Have a prearranged distress signal: “I’m at the Jones house and I need the red file right away.”
You may be in a situation where you think you might need help; you can use the phone, but the person you with can overhear the conversation and you do not want to alarm him/her. There is were a prearranged distress code can help.
For example, you are in your car with a client that is beginning to make you nervous — for one reason or another, you feel uneasy about the person. You do not want to be in an empty house with him/her. Call the office and tell someone where you are going and ask him/her to pull out the RED FILE. In this case, RED FILE is a prearranged distress code to have someone meet you at the site so you will not be alone. You can make up your own distress code, i.e. DOG FOOD (when you don’t have a dog) or I’m going to MAYDAY Lane (and there is no Mayday Lane).
The distress code should be used if you are uneasy, but do not feel you are in danger. If you are in immediate danger — stop the car and leave the area, or jump out of the car at the next stop. Do not hesitate to call 911.
Authorities agree that most rapists and thieves are looking for easy targets. Be assertive and leave a dangerous situation early, but have a distress code for time you feel uneasy.
Don’t forget to share and practice your distress code with your office, colleagues, family and friends.
Real estate visionary Chris Smith explains to Ohio’s REALTORS that technology is amazing…but that it must have a purpose and direction in order to be effective. This clip — taken from Smith’s keynote at the OAR Annual Convention & EXPO — details the importance of knowing what you want to deliver with your technology, rather than just offer the latest and greatest. Click here to see other episodes of Smith’s “peoplework” principles.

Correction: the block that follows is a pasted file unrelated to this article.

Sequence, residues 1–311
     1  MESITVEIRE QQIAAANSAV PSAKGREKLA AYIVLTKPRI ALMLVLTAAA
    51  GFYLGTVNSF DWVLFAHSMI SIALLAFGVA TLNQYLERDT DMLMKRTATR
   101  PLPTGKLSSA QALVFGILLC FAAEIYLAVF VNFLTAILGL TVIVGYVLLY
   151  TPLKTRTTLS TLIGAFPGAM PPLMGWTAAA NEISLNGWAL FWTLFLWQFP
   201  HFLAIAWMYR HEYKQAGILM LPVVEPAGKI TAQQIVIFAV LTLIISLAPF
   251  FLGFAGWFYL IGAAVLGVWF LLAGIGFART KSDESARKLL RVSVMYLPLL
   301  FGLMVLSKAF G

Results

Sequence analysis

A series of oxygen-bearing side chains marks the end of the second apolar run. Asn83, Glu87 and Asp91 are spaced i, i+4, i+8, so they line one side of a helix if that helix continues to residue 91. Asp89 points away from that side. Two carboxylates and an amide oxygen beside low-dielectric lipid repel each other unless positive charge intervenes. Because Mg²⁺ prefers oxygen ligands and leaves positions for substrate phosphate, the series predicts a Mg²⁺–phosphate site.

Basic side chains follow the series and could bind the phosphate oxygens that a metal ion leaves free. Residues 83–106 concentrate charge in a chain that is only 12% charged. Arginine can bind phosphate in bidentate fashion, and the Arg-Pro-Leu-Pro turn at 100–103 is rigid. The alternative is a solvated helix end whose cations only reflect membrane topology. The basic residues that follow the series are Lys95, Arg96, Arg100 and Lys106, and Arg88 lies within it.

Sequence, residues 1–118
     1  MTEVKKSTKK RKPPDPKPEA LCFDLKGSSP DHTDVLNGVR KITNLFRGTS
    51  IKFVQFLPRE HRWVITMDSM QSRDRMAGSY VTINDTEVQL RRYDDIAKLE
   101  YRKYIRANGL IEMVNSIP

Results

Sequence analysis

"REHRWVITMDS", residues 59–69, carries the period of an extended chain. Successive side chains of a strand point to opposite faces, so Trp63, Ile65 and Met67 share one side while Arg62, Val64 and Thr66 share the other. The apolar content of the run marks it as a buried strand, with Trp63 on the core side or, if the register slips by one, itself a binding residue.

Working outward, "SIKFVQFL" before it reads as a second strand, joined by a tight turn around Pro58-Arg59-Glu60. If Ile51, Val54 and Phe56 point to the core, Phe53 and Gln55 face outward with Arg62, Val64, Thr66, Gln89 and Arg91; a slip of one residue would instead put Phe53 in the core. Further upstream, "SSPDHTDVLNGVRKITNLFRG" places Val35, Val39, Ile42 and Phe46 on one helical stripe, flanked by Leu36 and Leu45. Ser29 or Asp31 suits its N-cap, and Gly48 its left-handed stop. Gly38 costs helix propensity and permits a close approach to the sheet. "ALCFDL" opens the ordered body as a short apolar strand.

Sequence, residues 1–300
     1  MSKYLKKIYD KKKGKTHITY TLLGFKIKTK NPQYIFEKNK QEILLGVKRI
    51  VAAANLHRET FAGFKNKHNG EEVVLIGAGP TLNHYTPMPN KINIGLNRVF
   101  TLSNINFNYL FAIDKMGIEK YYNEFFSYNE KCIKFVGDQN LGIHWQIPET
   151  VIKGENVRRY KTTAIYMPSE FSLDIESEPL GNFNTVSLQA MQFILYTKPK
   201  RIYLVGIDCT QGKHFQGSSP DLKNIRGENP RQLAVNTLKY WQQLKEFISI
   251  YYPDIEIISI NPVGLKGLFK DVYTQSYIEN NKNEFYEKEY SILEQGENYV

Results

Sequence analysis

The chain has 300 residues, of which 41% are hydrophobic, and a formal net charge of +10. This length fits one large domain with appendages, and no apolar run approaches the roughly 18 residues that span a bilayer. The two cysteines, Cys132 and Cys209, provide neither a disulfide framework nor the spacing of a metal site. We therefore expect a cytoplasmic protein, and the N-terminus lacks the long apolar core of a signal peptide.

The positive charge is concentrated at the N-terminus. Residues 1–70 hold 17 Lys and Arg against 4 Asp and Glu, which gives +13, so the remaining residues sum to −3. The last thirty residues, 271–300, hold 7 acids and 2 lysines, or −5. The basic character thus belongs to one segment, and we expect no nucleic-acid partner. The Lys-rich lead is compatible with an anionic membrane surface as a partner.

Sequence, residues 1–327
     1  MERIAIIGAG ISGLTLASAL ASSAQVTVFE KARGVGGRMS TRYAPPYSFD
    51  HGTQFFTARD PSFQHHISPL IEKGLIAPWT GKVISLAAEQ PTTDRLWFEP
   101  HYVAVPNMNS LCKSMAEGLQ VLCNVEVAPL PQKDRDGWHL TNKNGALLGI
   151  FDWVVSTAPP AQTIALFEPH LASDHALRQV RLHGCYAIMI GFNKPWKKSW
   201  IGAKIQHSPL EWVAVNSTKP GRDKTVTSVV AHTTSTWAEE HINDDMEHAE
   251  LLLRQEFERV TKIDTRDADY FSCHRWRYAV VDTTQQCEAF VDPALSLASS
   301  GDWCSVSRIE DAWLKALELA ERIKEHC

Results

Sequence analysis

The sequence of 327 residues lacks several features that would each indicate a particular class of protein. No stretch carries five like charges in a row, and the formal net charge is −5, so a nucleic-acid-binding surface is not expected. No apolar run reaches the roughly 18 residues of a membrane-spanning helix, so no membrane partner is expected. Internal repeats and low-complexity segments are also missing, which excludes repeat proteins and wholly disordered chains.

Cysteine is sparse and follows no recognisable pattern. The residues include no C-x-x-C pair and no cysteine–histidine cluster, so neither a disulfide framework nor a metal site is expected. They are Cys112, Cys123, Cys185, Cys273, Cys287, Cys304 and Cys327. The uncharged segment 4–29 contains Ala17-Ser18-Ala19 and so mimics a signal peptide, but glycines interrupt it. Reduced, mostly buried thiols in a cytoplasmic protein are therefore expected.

By Greg Stitz, OAR Director of Research
Less than half (40 percent) of Ohio REALTORS believe a lack of job security is negatively affecting the current housing market in their area, according to the results of an October Ohio REALTOR housing confidence survey. Among those citing concerns, 7 percent report it is negatively affecting the housing market “a lot” and 33 percent report a lack of job security is affecting the housing market “somewhat.” For 44 percent of respondents a lack of job security is not an issue in their area and 16 percent report job security is having a positive effect on the market in their area.
Survey results are based on responses to a monthly survey, designed to capture the effects of the existing economic conditions and trends on the real estate industry, sent to a pool of 1,500 OAR participants. Click here to participate in future OAR Housing Confidence Surveys.